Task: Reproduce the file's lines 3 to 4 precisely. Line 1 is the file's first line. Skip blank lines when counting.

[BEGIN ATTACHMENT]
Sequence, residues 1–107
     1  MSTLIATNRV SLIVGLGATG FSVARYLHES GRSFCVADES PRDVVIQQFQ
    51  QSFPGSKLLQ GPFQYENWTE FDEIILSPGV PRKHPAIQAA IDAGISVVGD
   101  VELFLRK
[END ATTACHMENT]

    51  QSFPGSKLLQ GPFQYENWTE FDEIILSPGV PRKHPAIQAA IDAGISVVGD
   101  VELFLRK